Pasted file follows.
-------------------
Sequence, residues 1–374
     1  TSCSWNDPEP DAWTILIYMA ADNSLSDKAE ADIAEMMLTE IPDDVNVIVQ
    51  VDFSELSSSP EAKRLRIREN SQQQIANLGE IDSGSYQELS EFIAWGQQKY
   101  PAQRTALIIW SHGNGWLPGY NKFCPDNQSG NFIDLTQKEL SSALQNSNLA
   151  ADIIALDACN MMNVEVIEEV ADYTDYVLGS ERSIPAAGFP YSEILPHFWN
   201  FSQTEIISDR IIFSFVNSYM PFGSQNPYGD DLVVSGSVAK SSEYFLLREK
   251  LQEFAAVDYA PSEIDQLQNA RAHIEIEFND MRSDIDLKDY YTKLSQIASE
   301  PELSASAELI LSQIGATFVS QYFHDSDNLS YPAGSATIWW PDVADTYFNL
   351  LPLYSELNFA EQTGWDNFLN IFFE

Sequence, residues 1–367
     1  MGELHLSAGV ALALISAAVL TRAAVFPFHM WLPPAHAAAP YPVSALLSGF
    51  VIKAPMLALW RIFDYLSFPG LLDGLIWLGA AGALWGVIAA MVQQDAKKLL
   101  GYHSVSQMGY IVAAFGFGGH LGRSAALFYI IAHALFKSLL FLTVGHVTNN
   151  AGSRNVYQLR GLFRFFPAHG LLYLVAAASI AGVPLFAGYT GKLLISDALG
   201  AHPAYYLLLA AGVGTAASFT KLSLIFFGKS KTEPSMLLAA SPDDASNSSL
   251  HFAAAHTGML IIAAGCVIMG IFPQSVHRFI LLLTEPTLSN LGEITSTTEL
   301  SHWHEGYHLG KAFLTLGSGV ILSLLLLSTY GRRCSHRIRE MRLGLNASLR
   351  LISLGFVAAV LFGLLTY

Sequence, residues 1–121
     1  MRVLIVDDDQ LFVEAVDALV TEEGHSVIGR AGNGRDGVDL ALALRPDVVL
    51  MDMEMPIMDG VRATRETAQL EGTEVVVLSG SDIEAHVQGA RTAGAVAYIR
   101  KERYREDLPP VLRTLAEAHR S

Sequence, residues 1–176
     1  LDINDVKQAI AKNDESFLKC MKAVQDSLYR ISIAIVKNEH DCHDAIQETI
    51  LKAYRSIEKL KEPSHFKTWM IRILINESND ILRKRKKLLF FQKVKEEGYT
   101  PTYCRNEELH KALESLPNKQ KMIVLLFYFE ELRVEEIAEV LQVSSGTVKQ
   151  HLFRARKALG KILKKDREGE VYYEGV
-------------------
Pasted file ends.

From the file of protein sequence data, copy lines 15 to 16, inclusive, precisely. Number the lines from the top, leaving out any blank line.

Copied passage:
   201  AHPAYYLLLA AGVGTAASFT KLSLIFFGKS KTEPSMLLAA SPDDASNSSL
   251  HFAAAHTGML IIAAGCVIMG IFPQSVHRFI LLLTEPTLSN LGEITSTTEL